While some adult children may recall spending the day outside with their parents on a warm, summer day in an attempt to make their flower garden complement the house or prepare a vegetable garden to produce enough for a day or two of canning, it is easy to believe those positive feelings are simply nostalgia. After reviewing the results of the Texas A&M study, however, it is easy to see why seniors should be taking advantage of this relaxing and advantageous hobby they already love.
The study’s 17 subjects, ages 71-98, included residents of both personal care homes and long-term care facilities. Different treatment options to assist with mobility, such as canes, walkers and a wheelchair, were distributed throughout the group, as a simple way to prove that many of the best therapeutic pastimes can be enjoyed by individuals at any mobility level. Furthermore, results were gathered from participants who were involved in indoor gardening, in addition to the more traditional outdoor growers.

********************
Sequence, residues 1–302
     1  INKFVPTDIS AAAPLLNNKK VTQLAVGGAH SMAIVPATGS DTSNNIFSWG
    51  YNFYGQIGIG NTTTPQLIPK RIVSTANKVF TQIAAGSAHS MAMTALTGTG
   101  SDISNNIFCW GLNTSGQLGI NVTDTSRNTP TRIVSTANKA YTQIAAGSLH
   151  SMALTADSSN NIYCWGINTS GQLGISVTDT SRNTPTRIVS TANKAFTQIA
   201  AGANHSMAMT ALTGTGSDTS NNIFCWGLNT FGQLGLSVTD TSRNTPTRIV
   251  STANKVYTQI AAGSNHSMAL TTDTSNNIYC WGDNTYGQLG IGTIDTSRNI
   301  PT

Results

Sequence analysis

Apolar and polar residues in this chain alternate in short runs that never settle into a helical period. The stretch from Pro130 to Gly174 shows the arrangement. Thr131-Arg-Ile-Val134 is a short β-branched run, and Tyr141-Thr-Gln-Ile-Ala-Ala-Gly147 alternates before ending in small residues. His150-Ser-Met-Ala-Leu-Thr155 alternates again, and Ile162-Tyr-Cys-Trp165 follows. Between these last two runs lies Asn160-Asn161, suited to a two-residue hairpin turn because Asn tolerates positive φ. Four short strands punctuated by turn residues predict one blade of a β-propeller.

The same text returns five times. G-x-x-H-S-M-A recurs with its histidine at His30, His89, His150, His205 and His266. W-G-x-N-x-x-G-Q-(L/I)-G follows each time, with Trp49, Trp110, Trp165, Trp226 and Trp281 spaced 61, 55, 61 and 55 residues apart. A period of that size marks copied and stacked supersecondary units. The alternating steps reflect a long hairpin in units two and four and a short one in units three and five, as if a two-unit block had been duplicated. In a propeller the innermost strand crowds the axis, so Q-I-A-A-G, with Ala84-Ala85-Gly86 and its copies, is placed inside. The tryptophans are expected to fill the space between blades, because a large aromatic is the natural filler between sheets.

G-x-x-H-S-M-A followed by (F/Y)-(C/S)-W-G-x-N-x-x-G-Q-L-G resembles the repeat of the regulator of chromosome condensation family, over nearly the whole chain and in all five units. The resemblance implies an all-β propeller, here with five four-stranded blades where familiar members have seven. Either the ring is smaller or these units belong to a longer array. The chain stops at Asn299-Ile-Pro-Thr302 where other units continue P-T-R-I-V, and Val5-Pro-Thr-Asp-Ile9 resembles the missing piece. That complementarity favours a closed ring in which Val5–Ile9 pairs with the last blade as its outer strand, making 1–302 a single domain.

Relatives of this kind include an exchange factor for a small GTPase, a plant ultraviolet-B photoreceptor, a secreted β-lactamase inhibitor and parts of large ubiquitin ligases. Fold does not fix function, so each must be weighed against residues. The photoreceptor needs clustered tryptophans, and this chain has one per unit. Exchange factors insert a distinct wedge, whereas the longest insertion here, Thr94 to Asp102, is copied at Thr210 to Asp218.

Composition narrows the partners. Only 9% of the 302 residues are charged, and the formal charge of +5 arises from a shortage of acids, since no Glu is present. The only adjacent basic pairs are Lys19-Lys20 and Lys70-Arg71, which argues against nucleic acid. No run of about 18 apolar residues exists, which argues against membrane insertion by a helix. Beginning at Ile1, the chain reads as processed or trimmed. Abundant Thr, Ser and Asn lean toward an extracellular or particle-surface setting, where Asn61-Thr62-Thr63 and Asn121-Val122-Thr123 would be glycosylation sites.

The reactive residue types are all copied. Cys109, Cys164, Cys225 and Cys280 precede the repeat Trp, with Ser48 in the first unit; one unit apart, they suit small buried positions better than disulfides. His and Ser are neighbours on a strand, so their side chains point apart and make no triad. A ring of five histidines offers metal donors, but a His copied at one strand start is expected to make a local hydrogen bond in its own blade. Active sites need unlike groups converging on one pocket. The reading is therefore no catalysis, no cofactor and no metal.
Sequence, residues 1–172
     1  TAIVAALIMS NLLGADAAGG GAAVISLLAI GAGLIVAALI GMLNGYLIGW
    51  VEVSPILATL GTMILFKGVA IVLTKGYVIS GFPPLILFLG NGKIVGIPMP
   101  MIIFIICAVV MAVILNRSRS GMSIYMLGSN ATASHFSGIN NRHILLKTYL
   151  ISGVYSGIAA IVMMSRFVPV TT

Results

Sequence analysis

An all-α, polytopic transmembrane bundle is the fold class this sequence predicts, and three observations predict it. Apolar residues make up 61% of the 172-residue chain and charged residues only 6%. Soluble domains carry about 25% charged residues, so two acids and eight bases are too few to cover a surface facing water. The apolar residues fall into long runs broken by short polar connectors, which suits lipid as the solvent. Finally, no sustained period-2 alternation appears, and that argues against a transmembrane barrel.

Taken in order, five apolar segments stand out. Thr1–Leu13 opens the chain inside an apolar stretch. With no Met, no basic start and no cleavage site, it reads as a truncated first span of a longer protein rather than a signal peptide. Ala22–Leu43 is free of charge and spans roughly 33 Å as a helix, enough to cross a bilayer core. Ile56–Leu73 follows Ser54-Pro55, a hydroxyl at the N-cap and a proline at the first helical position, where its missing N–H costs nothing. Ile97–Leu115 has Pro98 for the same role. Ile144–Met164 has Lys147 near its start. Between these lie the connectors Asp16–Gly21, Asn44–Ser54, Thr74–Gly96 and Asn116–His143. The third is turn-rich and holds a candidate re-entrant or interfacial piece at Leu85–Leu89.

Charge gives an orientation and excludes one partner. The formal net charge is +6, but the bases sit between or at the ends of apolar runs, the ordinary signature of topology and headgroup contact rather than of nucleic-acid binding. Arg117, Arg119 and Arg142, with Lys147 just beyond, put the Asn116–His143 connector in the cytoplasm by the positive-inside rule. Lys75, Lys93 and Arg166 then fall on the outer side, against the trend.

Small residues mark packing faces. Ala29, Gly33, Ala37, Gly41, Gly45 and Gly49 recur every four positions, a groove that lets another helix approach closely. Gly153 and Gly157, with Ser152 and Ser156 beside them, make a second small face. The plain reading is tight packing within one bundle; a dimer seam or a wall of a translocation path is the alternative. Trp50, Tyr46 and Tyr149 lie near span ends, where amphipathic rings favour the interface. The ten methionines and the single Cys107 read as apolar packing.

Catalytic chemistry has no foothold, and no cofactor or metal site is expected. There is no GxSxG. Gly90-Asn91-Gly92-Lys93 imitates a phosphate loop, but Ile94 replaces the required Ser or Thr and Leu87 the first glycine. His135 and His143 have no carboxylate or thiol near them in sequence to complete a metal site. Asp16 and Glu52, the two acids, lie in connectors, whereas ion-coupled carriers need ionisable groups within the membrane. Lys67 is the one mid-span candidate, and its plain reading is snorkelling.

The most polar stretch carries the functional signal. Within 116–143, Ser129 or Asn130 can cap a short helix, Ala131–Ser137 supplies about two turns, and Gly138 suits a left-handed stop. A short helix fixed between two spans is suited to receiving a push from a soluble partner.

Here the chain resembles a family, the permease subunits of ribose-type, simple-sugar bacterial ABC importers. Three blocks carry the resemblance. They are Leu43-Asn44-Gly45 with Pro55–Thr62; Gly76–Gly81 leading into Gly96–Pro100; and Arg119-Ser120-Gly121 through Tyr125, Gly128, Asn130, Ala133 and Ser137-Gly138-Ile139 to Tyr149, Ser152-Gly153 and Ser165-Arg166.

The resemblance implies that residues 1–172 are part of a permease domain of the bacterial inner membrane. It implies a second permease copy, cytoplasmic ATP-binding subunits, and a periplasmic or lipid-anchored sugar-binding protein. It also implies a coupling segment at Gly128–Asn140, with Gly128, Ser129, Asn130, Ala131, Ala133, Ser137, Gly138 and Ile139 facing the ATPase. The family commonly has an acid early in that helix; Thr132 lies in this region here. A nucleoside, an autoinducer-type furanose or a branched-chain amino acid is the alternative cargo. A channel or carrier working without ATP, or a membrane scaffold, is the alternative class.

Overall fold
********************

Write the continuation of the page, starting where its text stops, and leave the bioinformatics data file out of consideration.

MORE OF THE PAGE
Research was gathered regarding the participants’ mood, whether positive or negative, anxiety and salivary cortisol, a biological indicator of stress. According to this study, prolonged exposure to high cortisol levels has been associated with hypertension, osteoporosis, muscle atrophy, fatigue, depression, lowered immune function and coronary heart disease.
After analyzing the results from the study, researchers concluded that the improvements in moods, anxiety and cortisol levels were better for those subjects who had access to outdoor gardens in comparison to those subjects confined to the indoors. While this news is encouraging for those seniors renting cottage homes or villas in the many retirement communities throughout the country, those living in apartment-style assisted and independent living facilities shouldn’t hesitate to adorn their rooms with some beautiful, natural and low maintenance greenery and enjoy tending it.